The First features a 4.3-inch display with a resolution of 1280-by-720 pixels at 341 pixels per inch, a dual-core 1.4GHz Snapdragon processor, 16GB of onboard storage, 1GB of RAM, a 5-megapixel rear-facing camera, a 1.6MP front-facing camera, 802.11a/g/b/n Wi-Fi, Bluetooth 4.0, NFC, LTE, and the Android 4.1 Jelly Bean operating system. The HTC First has some nice specs, but they aren't that different from the Nexus 4.
"I think Facebook feels it can benefit from establishing a deeper and longer-term relationship with device vendors," Gartner analyst Brian Blau said via e-mail. "This is a new effort from Facebook and, if the past is any indication, this new product will take time to develop into something of real value for users." The alternative is for Facebook to try and rush Home out the door, hoping all the functionality works without a hitch across a wide range of devices.
Golvin agrees. "If a customer downloads Home and has a poor experience, has to go through whatever pain is associated with disabling and discarding the app, the probability that he/she will try again is very low," Golvin said. "So by targeting a manageable list of devices, [Facebook] can manage uptake and ensure good experiences."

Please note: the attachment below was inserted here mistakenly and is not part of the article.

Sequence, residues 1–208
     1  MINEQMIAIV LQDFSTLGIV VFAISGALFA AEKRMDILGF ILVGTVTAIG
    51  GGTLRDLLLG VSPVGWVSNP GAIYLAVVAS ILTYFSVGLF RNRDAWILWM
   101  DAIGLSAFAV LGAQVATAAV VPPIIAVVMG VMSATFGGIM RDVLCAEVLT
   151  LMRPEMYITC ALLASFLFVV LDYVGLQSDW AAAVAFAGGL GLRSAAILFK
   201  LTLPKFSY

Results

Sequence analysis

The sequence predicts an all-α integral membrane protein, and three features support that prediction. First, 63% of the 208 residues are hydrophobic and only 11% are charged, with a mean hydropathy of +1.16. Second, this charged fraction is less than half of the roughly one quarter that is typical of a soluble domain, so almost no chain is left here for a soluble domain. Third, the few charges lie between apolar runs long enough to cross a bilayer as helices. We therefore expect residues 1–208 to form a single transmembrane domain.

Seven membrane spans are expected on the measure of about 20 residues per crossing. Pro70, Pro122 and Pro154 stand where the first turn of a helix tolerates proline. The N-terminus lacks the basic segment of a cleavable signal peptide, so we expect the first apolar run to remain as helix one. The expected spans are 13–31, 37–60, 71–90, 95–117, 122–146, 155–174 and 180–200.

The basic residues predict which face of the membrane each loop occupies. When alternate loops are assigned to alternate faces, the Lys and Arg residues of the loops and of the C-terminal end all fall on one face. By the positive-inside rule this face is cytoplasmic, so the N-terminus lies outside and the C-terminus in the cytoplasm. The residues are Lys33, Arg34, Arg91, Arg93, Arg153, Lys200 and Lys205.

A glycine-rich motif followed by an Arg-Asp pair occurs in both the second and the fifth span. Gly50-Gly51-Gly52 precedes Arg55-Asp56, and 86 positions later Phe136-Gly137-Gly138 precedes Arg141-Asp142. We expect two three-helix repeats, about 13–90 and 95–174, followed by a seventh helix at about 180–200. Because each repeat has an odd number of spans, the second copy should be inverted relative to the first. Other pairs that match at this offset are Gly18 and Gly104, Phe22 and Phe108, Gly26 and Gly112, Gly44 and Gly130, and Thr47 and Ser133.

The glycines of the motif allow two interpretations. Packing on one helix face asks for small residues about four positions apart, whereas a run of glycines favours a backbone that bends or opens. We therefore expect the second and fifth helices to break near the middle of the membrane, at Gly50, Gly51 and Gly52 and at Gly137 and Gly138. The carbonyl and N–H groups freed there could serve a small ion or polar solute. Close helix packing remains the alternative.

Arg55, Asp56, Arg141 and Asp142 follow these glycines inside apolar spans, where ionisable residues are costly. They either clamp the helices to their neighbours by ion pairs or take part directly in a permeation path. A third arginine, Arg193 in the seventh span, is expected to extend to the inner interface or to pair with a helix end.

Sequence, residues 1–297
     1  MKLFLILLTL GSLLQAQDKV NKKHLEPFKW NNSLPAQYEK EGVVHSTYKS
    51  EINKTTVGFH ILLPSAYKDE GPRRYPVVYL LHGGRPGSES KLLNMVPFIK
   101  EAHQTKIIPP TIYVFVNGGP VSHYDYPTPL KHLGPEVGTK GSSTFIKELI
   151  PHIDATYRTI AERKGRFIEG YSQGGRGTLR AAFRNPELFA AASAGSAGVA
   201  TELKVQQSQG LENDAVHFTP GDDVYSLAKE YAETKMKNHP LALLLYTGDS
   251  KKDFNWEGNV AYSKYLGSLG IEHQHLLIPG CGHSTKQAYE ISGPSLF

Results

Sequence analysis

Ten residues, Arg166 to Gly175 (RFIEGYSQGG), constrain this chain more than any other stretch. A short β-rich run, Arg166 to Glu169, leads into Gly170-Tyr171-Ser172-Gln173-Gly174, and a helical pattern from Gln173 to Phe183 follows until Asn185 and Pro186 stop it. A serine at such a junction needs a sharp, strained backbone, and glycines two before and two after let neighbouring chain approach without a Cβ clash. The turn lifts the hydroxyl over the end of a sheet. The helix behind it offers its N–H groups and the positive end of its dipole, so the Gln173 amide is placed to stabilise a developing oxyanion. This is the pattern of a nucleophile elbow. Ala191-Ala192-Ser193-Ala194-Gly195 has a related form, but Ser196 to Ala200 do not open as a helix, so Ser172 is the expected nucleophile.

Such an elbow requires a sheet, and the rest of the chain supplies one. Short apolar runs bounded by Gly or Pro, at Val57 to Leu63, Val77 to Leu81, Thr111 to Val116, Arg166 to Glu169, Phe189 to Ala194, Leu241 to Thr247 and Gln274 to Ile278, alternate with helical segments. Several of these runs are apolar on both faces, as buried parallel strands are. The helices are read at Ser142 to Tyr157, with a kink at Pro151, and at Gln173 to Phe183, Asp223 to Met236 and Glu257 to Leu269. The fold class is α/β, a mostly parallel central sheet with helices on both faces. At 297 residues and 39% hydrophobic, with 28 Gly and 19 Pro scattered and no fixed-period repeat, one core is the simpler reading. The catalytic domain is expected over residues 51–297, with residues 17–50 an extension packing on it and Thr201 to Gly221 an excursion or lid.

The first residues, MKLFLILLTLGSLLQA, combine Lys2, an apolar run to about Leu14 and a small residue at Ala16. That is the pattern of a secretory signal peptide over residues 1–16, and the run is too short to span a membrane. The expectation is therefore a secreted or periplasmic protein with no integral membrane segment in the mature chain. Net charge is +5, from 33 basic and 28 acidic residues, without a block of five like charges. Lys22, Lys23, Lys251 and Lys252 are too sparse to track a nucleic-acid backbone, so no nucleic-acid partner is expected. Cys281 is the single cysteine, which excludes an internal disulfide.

Facebook Home may be able to run on all kinds of hardware, but the company apparently wants to roll its new app out slowly after careful device testing. Considering how fully Facebook Home takes over a user's device, preventing unintended device crashes and quirky functionality is probably a good idea. The great thing about Android, however, is that walled gardens don't last long.
It's a good bet that starting Friday, the official APK files for Facebook Home will be available for download via developer forums and several Android-focused blogs. So as long as Facebook doesn't hit the kill switch again, daring Android users willing to take a risk should be able to give Home another shot.
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